For those that think returning to your home country is horrible?

 

Well I have a couple of thoughts on that?

 

If you had no education and some meaningless job in your own country and lived in a government flat, yes I can see where teaching English in Thailand is a step above and you would stay forever.

 

However, if you are in the category such as Ginboy 2, can go back to your home country, have a job, wife has a great job, kid in US college and being able to afford the middle + class life, why not? 

 

I am quite sure if many in Thailand could have that kind of life, they would pack it in tomorrow.

 

For retiree's, I honestly wouldn't want to spend my dying days in Thailand. Thanks but no thanks. If I loved the place that much and was healthy and could travel, maybe mid October to January then come back. The problem for me is, it is not that great a place compared to ALL the other great places I can go. Why do I need to holiday in the third world half way round the world, when I can be in Aruba in 2:10?

 

It all comes down to you and your own income levels. I suspect many would leave Thailand if they could afford to live the way they want to live in their own country or elsewhere in the world.

 

However, as Ginboy 2 has pointed out, there are so many exotic holiday destinations. From Miami Florida you can get all over the Caribbean, South America etc. in a couple hours. International flights from Orlando to all destinations. 

 

Lastly, for those that have lived in Thailand for years, you cannot possibly say, in a right mind, that Thailand is heading in the right direction. Military gov't, air pollution, tanking economy, baht rate, food and everyday expenses increasing each year.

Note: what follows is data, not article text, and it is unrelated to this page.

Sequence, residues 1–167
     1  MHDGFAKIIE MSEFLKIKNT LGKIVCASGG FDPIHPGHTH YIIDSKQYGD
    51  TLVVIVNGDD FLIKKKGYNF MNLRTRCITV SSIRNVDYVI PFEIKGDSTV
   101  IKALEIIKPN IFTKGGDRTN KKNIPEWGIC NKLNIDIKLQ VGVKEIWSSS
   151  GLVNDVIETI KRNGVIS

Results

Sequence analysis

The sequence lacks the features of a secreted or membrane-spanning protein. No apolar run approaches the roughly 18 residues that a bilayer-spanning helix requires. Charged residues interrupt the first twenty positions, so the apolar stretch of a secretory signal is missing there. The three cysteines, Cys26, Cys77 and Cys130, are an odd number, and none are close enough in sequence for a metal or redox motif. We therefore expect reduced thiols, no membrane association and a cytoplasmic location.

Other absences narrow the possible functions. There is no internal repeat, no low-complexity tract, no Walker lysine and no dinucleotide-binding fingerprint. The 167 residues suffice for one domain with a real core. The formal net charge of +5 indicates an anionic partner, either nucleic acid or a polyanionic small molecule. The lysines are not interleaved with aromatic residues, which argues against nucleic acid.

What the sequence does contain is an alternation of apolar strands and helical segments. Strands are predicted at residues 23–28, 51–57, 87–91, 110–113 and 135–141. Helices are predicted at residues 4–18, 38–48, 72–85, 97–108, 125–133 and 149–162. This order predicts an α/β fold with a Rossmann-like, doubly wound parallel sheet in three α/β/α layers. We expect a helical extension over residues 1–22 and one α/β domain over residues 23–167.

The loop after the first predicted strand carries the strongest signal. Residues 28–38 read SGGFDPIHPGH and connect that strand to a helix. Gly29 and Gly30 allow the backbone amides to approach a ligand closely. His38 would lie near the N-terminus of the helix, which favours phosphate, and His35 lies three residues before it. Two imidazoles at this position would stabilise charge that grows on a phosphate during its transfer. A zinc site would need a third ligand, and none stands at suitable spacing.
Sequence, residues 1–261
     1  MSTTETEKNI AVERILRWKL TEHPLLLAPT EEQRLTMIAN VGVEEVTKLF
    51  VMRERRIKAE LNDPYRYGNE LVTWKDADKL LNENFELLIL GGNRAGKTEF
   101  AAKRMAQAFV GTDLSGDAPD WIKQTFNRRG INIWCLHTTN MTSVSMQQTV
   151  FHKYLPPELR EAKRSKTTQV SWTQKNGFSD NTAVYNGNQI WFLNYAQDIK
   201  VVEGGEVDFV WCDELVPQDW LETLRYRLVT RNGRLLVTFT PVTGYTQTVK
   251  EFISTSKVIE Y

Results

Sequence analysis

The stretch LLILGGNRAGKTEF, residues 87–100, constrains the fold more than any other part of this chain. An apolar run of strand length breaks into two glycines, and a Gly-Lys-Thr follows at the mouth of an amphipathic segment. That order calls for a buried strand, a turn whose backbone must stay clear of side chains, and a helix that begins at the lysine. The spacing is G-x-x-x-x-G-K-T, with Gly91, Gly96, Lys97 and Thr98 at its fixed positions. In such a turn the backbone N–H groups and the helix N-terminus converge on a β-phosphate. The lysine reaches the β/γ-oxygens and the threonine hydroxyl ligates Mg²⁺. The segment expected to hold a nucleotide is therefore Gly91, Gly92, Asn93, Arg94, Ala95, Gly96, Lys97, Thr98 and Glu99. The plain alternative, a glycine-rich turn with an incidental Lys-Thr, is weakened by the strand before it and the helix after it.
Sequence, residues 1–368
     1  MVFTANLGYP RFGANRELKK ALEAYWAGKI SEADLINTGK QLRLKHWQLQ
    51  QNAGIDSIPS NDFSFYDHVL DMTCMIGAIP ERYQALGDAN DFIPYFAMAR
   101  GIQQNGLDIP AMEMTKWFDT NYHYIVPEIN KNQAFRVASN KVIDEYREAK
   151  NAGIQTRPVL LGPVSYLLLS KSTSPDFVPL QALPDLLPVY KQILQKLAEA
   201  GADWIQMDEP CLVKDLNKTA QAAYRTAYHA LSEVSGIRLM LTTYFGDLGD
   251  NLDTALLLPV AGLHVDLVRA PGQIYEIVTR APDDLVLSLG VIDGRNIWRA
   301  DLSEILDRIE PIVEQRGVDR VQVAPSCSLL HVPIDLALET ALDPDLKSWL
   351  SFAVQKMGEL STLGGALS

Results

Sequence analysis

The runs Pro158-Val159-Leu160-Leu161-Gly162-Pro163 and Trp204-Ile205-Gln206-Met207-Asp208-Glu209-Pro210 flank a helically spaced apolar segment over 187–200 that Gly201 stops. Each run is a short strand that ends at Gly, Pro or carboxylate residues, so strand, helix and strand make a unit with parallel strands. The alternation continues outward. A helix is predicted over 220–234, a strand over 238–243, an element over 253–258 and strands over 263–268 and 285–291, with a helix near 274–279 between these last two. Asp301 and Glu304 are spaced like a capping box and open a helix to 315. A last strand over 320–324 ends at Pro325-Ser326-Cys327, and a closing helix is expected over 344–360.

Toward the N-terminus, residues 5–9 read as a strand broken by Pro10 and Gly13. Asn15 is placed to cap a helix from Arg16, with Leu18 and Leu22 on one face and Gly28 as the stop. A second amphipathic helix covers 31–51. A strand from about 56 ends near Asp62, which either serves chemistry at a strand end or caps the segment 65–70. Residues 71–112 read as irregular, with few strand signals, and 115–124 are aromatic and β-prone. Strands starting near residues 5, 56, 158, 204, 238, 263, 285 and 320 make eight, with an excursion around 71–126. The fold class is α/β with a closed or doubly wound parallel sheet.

The fact is every single year something you change to put even more hard-ship on expats who are stuck there.

 

The fact that the government could care less about the welfare and contributions of expats as a whole should be a red flag worthy of having a Plan B.

 

 

 

 

 

 

On the flip side an example of where it seems to work is a Swedish friend of mine.

 

He was 'married' to some young girl, that clearly wasn't go to work, and after a few years he was done.

 

So he moved to Hua Hin, he loves golf, bar every night, and has a passion for the ladies of the night. Thats his thing, and he loves it.

 

He goes back to Sweden at least twice a year, so he's out of the country for probably 3 months a year.

 

He has a sister in Dallas and we visited him there last year while he was visiting. He was cock a hoop with his new single life, to quote him; "its all booze, birds and golf"

 

So all in all it seems to have better for him, if thats your thing

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14 hours ago, Pilotman said:

I certainly think having hobbies and interests makes a big difference. 

yes. and ' heineken and LM red' do not count as hobbies. i think that's why a couple i know became disillusioned with their 'dream' life. you need a plan that revolves around your environment and expected term of residence. many seem to forget that. as did my friends..... they told their friends on the 'phone back home how great it was here, how hot it was, how long they'd had their feet up, and how much beer they'd been 'enjoying'. as soon as the call was ended, moan moan moan about the life they have here, how they have few friends here, how they hate where they lived, the soi dogs, the noisy neighbours, the exchange rate.... you name it...... but just about everything that could be complained about..... was complained about... sad thing is/was, they lived out their miserable existence through years of ill health. 

this was not the dream they liked to boast about, i guess it may have been 'uppance' and even 'saving face' to the long standing friends they had back in their home country.

no, they had no hobbies, no interests (except 60 smokes and 2 cases of beer a day) not interested in communicating to the locals. angry if 2 thai people spoke thai to each other in their presence.....

"YOU SPEAK ENGLISH OK!!!! ONLY ENGLISH HERE"

maybe paranoia was kicking in..... i heard nothing bad

why do some people retire here just for the miserable waiting for god experience?